Jesus and John Wayne How White Evangelicals Corrupted a Faith and Fractured a Nation

NEW YORK TIMES BESTSELLER The “paradigm-influencing” book (Christianity Today) that is fundamentally transforming our understanding of white evangelicalism in America.

Jesus and John Wayne  How White Evangelicals Corrupted a Faith and Fractured a Nation

Jesus and John Wayne How White Evangelicals Corrupted a Faith and Fractured a Nation

NEW YORK TIMES BESTSELLER The “paradigm-influencing” book (Christianity Today) that is fundamentally transforming our understanding of white evangelicalism in America. Jesus and John Wayne is a sweeping, revisionist history of the last seventy-five years of white evangelicalism, revealing how evangelicals have worked to replace the Jesus of the Gospels with an idol of rugged masculinity and Christian nationalism—or in the words of one modern chaplain, with “a spiritual badass.” As acclaimed scholar Kristin Du Mez explains, the key to understanding this transformation is to recognize the centrality of popular culture in contemporary American evangelicalism. Many of today’s evangelicals might not be theologically astute, but they know their VeggieTales, they’ve read John Eldredge’s Wild at Heart, and they learned about purity before they learned about sex—and they have a silver ring to prove it. Evangelical books, films, music, clothing, and merchandise shape the beliefs of millions. And evangelical culture is teeming with muscular heroes—mythical warriors and rugged soldiers, men like Oliver North, Ronald Reagan, Mel Gibson, and the Duck Dynasty clan, who assert white masculine power in defense of “Christian America.” Chief among these evangelical legends is John Wayne, an icon of a lost time when men were uncowed by political correctness, unafraid to tell it like it was, and did what needed to be done. Challenging the commonly held assumption that the “moral majority” backed Donald Trump in 2016 and 2020 for purely pragmatic reasons, Du Mez reveals that Trump in fact represented the fulfillment, rather than the betrayal, of white evangelicals’ most deeply held values: patriarchy, authoritarian rule, aggressive foreign policy, fear of Islam, ambivalence toward #MeToo, and opposition to Black Lives Matter and the LGBTQ community. A much-needed reexamination of perhaps the most influential subculture in this country, Jesus and John Wayne shows that, far from adhering to biblical principles, modern white evangelicals have remade their faith, with enduring consequences for all Americans.

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Jesus and John Wayne: How White Evangelicals Corrupted a Faith and Fractured a Nation
Language: en
Pages: 384
Authors: Kristin Kobes Du Mez
Categories: History
Type: BOOK - Published: 2020-06-23 - Publisher: Liveright Publishing

NEW YORK TIMES BESTSELLER The “paradigm-influencing” book (Christianity Today) that is fundamentally transforming our understanding of white evangelicalism in America. Jesus and John Wayne is a sweeping, revisionist history of the last seventy-five years of white evangelicalism, revealing how evangelicals have worked to replace the Jesus of the Gospels with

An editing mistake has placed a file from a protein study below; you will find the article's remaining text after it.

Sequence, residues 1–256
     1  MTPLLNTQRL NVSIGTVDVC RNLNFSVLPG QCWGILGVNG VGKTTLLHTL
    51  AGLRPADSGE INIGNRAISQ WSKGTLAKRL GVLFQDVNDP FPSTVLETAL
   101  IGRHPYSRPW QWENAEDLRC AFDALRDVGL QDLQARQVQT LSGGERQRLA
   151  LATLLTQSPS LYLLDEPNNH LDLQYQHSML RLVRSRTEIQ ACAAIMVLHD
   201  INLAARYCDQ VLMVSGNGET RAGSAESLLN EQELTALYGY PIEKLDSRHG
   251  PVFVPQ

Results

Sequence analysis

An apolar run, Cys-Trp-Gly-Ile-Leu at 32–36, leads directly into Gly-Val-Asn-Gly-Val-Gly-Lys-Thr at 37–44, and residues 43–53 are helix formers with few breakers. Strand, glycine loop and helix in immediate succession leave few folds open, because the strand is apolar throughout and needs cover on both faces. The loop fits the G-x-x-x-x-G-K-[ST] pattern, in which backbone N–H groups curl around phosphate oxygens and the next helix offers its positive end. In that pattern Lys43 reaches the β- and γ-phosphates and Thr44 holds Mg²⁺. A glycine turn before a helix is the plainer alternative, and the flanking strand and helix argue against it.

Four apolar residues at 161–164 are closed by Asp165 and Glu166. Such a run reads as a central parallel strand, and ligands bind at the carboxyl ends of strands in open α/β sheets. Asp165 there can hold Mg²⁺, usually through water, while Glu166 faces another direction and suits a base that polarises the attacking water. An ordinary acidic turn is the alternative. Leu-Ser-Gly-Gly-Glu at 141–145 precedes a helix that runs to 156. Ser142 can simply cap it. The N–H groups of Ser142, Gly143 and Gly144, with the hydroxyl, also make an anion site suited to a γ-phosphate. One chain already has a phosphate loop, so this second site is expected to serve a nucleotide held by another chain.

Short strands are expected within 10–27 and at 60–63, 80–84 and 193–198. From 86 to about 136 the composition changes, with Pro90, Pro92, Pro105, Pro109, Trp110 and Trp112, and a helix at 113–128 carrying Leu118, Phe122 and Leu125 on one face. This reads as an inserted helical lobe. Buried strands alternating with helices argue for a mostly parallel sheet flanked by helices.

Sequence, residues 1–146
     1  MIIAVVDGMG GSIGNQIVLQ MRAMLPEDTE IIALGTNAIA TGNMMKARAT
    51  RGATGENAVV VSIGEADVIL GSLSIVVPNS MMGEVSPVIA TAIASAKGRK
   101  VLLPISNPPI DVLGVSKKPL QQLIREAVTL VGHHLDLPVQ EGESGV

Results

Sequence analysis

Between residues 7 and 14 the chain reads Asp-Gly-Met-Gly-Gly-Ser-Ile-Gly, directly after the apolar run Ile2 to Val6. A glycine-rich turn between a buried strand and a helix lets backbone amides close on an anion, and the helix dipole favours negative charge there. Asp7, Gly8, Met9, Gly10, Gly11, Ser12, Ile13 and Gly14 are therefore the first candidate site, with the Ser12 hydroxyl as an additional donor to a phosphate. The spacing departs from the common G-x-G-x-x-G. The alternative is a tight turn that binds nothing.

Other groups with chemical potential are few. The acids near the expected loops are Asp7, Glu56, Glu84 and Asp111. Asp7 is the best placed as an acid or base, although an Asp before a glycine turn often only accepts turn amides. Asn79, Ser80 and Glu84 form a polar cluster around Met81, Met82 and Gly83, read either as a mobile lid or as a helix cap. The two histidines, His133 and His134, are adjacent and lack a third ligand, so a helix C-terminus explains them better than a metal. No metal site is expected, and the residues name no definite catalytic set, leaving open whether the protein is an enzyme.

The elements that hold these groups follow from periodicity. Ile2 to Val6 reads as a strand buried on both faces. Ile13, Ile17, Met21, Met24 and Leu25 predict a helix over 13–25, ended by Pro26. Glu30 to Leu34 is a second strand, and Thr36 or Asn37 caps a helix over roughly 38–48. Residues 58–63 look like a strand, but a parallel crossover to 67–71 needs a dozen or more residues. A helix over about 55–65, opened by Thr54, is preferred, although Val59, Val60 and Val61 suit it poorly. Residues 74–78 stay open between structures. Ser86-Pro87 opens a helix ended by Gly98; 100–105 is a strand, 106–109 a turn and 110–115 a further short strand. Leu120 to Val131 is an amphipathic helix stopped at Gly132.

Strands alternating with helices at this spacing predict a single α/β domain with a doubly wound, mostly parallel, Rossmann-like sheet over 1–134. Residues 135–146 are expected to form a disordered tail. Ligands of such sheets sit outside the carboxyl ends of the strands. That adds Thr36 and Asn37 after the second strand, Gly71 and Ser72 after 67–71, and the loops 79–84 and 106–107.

Evangelical Worship
Language: en
Pages: 320
Authors: Melanie C. Ross
Categories: Music
Type: BOOK - Published: 2021 - Publisher: Oxford University Press

"Almost invariably, media stories with the word evangelical in their headlines are accompanied by a familiar stock photo: a mass of middle-class worshippers with eyes closed, faces tilted upward, and hands raised to the sky. Yet, despite the fact that worship has become symbolic of evangelicalism's identity in the twenty-first
The Making of Biblical Womanhood
Language: en
Pages: 256
Authors: Beth Allison Barr
Categories: Religion
Type: BOOK - Published: 2021-04-20 - Publisher: Baker Books

"A powerful work of skillful research and personal insight."--Publishers Weekly Biblical womanhood--the belief that God designed women to be submissive wives, virtuous mothers, and joyful homemakers--pervades North American Christianity. From choices about careers to roles in local churches to relationship dynamics, this belief shapes the everyday lives of evangelical women.
The Myth of Colorblind Christians
Language: en
Pages: 304
Authors: Jesse Curtis
Categories: Religion
Type: BOOK - Published: 2021-11-09 - Publisher: NYU Press

"This book explores the history of Black and white evangelical encounters in the second half of the twentieth century and shows how white evangelicals used Christian colorblindness, a theology of race emphasizing unity in Christ, to adapt to the civil rights movement while creating an evangelical form of whiteness"--
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Language: en
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"The infusion of social justice into the gospel may well be the most dangerous problem facing the church today. Yet, it is going unnoticed in far too many circles. Social Justice Goes to Church can serve as a wake-up call." —Samuel C. Smith, Ph.D. Chair and Graduate Program Director, Department

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